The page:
Friday The 13th

It’s Friday the 13th!…. Again! We all know how spooked out people get over this day, but why do so many people have superstitions about Friday the 13th?

We all know the many modern day movies surrounding terrible things that occur on a Friday the 13th. In our modern American culture and in many European cultures Friday the 13th is considered a day a dread. Because of this many people have superstitious stress over something bad that may happen on Friday the 13th and this causes self fulfilling prophecies in some cases. Business is often not as good and there are often more car accidents on Friday the 13th. There are probably many other negative occurrences that coincide with Friday the 13th. This may make it seem like there really is something to this superstitious number and day but the truth is that people who are superstitious about this day have more stress on this day. This probably makes them fearful of going out thus hindering business. They are also probably more preoccupied with fear and stress that their focus lacks in many other aspects causing car accidents and other possible negative events.

But who came up with this idea that Friday the 13th was bad luck? Was it the modern movies? Surely, modern movies surrounding this superstition made more people fearful of it but these movies did not invent this superstition. This is superstition that has been around for a while but its origins are mysterious.

The Friday the 13th superstition actually has no record before the 19th century. Henry Sutherland Edwards’ 1869 biography of Gioachino Rossini is the first English writing to mention a Friday the 13th superstition. The 1907 book Friday, the Thirteenth by Thomas W. Lawson may have also helped spread the superstition. However, was there a reason why these authors wrote about Friday the 13th being bad luck?

There are many hypothesis about the origin of the superstition of Friday the 13th. One is that it originated due to the Last Supper and the death of Christ. There were 13 people at the Last Supper and the 13th person, Judas, betrayed Jesus. Jesus was then crucified on what is now called Good Friday. Another hypothesis is that it originated when King Philip IV of France arrested many members of the Knights Templar on Friday October 13, 1307.

Regarding the bad luck of the number 13 specifically, there are many myths and fairy tales from various cultures that depict 13 as a bad luck number. One is the Norse myth of a dinner party in Valhalla in which Loki was the 13th guest who bought bad luck. This myth and other tales could have been adapting plot elements and this superstition that may have originated from the Last Supper. However, there seems to be superstition surrounding this number that predates Christianity. Zoroastrianism was an ancient religion predating even Judaism that believed that the 13 millennium would be bad luck. It is possible that there was some cultural association of bad luck with this number that led to many stories using 13 as a bad luck number. This may have led to books and movies using this same superstition in their plots. These books and movies made more people in modern day superstitious of this number.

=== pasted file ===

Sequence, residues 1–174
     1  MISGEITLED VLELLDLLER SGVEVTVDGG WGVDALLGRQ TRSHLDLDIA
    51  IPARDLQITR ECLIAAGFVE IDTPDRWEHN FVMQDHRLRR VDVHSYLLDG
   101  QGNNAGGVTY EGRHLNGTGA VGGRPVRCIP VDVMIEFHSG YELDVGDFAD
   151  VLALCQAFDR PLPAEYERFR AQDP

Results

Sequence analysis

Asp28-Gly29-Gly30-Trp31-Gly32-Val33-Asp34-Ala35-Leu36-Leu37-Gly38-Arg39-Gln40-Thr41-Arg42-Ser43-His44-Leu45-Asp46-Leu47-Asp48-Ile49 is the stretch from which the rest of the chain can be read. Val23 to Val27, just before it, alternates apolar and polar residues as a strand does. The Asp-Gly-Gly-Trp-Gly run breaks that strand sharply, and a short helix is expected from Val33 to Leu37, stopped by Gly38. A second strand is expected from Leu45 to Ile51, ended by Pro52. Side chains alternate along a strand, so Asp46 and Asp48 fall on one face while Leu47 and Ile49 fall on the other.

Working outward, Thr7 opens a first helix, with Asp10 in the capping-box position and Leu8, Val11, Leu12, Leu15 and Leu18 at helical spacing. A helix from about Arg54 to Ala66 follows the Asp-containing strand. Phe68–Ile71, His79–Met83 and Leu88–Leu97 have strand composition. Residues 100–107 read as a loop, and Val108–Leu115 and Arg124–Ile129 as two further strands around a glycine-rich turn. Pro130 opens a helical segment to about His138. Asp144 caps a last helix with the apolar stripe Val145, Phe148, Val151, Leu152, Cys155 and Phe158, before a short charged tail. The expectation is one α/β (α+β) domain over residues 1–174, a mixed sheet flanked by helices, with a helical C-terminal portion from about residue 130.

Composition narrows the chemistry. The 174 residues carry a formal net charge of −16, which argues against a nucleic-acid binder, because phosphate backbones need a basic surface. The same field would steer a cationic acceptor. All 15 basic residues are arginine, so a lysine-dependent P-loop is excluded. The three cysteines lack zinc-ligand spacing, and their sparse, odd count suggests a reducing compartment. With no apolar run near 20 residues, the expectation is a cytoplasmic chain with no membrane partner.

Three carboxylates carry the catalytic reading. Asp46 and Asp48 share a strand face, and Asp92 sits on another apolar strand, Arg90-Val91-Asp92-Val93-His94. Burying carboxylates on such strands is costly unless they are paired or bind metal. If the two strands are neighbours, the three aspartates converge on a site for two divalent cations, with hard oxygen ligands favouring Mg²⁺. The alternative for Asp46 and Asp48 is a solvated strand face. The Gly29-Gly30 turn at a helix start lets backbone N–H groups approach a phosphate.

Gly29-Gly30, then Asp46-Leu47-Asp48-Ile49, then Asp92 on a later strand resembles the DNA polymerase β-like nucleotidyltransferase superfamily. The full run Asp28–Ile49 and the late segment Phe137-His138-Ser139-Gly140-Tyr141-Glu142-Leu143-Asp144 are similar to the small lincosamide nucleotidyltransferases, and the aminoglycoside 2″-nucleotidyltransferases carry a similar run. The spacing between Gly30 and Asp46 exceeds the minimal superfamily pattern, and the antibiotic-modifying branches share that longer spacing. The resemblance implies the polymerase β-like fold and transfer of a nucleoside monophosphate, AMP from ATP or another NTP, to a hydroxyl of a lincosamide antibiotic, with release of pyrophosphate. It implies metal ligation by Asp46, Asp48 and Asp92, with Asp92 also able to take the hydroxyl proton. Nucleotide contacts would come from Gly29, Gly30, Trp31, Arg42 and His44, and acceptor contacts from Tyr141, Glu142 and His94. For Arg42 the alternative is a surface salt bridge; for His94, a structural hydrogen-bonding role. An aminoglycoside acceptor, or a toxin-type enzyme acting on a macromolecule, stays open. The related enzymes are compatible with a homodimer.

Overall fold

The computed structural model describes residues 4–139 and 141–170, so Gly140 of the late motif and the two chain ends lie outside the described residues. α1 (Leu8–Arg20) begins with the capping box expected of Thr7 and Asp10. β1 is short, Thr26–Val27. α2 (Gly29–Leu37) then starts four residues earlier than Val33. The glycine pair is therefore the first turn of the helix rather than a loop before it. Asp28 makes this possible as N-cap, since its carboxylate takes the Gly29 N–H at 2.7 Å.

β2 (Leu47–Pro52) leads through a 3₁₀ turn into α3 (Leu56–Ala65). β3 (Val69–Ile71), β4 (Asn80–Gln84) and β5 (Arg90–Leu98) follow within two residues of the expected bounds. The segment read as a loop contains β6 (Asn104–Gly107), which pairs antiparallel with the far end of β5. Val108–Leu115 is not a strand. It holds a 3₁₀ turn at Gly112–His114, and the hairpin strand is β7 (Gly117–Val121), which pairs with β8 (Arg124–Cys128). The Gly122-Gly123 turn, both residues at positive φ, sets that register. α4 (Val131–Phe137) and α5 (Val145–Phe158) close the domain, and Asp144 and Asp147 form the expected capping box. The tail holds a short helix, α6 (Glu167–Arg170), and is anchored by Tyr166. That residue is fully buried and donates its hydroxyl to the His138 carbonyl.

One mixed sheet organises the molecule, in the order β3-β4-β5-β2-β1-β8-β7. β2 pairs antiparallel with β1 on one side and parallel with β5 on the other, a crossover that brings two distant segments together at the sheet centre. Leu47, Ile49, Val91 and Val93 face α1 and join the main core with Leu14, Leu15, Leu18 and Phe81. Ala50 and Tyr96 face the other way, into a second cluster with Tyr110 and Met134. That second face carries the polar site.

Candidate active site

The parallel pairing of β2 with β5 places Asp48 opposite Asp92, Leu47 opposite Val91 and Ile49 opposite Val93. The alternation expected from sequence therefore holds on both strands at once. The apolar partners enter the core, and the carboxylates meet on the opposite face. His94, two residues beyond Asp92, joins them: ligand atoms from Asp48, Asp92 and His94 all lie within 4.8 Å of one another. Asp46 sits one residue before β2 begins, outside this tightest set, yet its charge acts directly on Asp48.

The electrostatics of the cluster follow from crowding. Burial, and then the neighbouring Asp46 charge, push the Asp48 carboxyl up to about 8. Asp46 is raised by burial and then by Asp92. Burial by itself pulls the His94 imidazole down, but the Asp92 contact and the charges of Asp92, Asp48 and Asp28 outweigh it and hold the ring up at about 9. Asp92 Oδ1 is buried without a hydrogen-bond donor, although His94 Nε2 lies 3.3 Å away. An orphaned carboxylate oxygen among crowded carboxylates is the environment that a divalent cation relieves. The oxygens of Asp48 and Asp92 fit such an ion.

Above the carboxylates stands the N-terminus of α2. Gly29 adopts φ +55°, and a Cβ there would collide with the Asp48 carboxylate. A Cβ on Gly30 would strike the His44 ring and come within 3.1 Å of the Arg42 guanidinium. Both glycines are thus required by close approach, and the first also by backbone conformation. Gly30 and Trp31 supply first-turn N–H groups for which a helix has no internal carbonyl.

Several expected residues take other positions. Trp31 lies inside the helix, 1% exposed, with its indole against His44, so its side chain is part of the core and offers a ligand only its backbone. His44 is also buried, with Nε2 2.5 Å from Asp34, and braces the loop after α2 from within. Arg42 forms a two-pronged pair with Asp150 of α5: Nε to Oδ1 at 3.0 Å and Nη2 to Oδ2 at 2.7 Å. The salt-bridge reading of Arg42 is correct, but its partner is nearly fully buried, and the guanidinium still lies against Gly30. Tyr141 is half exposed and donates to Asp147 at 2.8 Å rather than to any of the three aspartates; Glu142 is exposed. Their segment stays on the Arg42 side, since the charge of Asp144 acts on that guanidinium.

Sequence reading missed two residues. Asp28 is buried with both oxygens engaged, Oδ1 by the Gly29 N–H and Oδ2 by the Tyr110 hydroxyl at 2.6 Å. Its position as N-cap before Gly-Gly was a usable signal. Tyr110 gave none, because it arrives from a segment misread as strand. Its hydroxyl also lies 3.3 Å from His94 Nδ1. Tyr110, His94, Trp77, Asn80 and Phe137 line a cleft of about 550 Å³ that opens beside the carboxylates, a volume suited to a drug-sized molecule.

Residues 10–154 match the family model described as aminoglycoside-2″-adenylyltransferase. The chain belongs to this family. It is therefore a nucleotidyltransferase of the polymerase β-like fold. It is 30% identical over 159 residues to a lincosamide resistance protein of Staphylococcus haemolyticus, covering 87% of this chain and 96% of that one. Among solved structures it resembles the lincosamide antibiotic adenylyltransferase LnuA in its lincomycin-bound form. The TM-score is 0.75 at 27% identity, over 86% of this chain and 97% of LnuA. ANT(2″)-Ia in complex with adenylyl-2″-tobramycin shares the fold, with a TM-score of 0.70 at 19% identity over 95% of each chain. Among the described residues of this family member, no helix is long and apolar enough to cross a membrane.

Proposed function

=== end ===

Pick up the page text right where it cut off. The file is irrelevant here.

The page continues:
Why did ancient cultures have a negative association with the number 13 though? We don’t know for sure but a good inference is that it was because 12 was so often thought of as a complete number and so 11 or 13 would seem incomplete and thus would have a negative connotation to it. So why isn’t Friday the 11th bad luck. Well maybe 13 was unlucky because that was the average time puberty hits. We know many ancient rituals and superstitions surrounded sexuality and Abrahamic religions often shunned sexuality. This combination may have made 13 associated with bad luck. This is plausible but then why Friday the 13th? Well we don’t know but it is certainly possible that 13 had superstitions surrounding it before Christianity but superstitious people learned about the Last Supper and Good Friday and made Friday the 13th superstitious.

There are other days of bad luck for other cultures though. In Spanish speaking countries and Greece Tuesday the 13th is bad luck not Friday the 13th. In Italy, Friday the 17th is bad luck. In some ancient cultures 13 was a lucky number. Clearly there is no objective bad luck number that exists. Different cultures for different reasons associated bad luck with some numbers and some days. Our modern American culture’s superstition about Friday the 13 likely has roots in cultures that associated 13 with bad luck before Christianity for reasons we can only hypothesize about. The Last Supper and Good Friday probably influenced the bad luck day to be Friday but we also don’t know this.

We don’t know exactly why 13 or Friday the 13th were originally thought to be unlucky. The best we have are good inferences. However, our modern knowledge of cultures and science can assure us there is nothing to be superstitious about. If we are less superstitious we will probably see less negative events going on on this day also.




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